A recent study of suicide deaths in Northern California conducted by researchers at Palo Alto University, the County of Santa Clara Behavioral Health Services Department, and the County of Santa Clara Office of the Medical Examiner / Coroner, could have important implications for culturally informed suicide prevention strategies, assessment, and risk management.
The study published in the journal of Death Studies analyzed 1,145 suicide deaths by method and location in Santa Clara County, CA from 2009 to 2016. It found that hanging was the most common method of suicide death among Latino/a/x and Asian and Pacific Islander (API) compared to White and African American decedents who were more likely to suicide-by-firearms. The study also found that API and African American decedents were less likely than White decedents to die-by-suicide at home. The ethnicity-location-method analysis revealed a notable variation in suicide patterns: compared to White firearm suicide deaths, API firearm suicide deaths were more likely to occur outside the home.
In the field of suicide prevention, the study is among the first to attempt to understand the relationship between cultural variations in suicide method and suicide location.
“This study fuses these two approaches in order to facilitate the further development of effective, culturally-informed suicide prevention,” says Dr. Brandon Hoeflein, the lead author who is a graduate of Palo Alto University and postdoctoral fellow at the Tampa Veterans Administration.
“In fact, the study is part of a larger collaborative effort to transform the way we study and prevent suicide for diverse and underserved populations,” says Dr. Joyce Chu, a professor and clinical psychologist at Palo Alto University and senior author of the study.
Hoeflein and Chu, along with PAU students Gabriel Corpus and Lorna Chiu. teamed with Mego Lien, a public health professional and manager of the County of Santa Clara Behavioral Health Services Department’s Suicide Prevention Program, and Dr. Michelle Jorden, Chief Medical Examiner-Coroner and Neuropathologist at the County of Santa Clara, to conduct the study. Three years ago, the PAU and the County of Santa Clara’s Suicide Prevention Program partnered to develop a culturally competent suicide prevention training program that prepares the citizens of Santa Clara County to be the eyes and ears of their community in detecting suicide distress. The training program launched this month, as part of Suicide Prevention Month.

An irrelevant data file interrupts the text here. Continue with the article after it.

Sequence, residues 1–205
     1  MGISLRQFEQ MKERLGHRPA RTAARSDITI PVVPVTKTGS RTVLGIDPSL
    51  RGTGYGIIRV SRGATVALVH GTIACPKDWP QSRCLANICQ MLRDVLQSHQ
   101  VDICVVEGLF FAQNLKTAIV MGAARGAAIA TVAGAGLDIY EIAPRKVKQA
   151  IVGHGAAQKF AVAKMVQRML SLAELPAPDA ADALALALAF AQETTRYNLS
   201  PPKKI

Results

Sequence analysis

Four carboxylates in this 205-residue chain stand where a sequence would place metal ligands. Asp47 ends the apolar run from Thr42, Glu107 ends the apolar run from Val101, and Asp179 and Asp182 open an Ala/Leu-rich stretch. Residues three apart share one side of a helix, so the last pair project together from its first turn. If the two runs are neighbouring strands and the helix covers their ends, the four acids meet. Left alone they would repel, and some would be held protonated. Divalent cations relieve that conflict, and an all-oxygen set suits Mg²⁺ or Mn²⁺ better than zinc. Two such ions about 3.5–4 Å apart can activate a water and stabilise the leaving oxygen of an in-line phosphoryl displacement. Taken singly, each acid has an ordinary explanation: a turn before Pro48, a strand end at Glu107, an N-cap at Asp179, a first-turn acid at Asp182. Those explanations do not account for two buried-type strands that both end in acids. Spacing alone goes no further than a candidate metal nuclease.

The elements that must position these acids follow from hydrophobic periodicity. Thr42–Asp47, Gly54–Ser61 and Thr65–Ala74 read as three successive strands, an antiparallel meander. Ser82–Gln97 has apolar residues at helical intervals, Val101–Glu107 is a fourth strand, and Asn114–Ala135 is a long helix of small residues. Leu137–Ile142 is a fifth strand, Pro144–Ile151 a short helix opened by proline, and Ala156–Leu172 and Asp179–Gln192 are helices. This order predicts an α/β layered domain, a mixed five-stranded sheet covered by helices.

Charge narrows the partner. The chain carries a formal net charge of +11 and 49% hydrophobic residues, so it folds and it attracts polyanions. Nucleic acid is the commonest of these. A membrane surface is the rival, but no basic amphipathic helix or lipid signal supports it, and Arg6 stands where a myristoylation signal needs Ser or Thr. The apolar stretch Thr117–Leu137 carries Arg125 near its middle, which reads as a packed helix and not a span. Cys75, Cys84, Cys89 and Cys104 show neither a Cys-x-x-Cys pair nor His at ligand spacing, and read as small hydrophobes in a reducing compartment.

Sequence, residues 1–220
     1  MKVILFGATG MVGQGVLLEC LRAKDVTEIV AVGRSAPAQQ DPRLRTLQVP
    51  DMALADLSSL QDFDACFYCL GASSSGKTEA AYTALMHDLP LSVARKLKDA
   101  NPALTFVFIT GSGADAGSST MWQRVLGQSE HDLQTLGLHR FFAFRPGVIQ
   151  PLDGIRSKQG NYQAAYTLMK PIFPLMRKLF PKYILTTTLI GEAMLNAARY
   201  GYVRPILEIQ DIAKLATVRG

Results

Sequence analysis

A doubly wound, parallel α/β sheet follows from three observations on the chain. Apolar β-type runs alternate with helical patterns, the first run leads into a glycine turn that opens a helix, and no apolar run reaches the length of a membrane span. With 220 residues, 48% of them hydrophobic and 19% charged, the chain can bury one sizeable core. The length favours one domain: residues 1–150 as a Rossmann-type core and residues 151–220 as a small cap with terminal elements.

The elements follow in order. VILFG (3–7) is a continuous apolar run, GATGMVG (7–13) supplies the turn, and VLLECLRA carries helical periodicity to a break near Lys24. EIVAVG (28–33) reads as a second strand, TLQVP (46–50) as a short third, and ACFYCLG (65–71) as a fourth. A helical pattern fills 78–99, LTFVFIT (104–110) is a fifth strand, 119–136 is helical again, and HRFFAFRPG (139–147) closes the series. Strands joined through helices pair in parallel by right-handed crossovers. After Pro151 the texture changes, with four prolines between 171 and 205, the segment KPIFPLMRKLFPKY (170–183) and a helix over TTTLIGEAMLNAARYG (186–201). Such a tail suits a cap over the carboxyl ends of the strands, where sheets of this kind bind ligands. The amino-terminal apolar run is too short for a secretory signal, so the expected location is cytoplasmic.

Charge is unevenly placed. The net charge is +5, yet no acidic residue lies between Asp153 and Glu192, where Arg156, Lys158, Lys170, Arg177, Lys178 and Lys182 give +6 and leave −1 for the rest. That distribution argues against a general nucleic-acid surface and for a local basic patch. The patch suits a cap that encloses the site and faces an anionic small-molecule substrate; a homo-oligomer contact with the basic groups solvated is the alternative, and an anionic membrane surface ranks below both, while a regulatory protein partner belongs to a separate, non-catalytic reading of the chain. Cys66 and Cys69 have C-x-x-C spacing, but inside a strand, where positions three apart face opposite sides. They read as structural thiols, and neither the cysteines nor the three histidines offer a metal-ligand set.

“Compared to the oft-studied variable of suicide method, there is a dearth of data on suicide location,” says Dr. Jorden. “This research is notable because it suggests that both suicide method and location are factors that are susceptible to the influence of culture, such as the social implications of how a decedent's body is found. It may be time for the suicide prevention field to examine whether suicide method and location have cultural meanings,” added Lien.
The study yields implications and future directions for culturally-informed suicide risk assessment, management, and prevention at the clinical, community, and systems levels.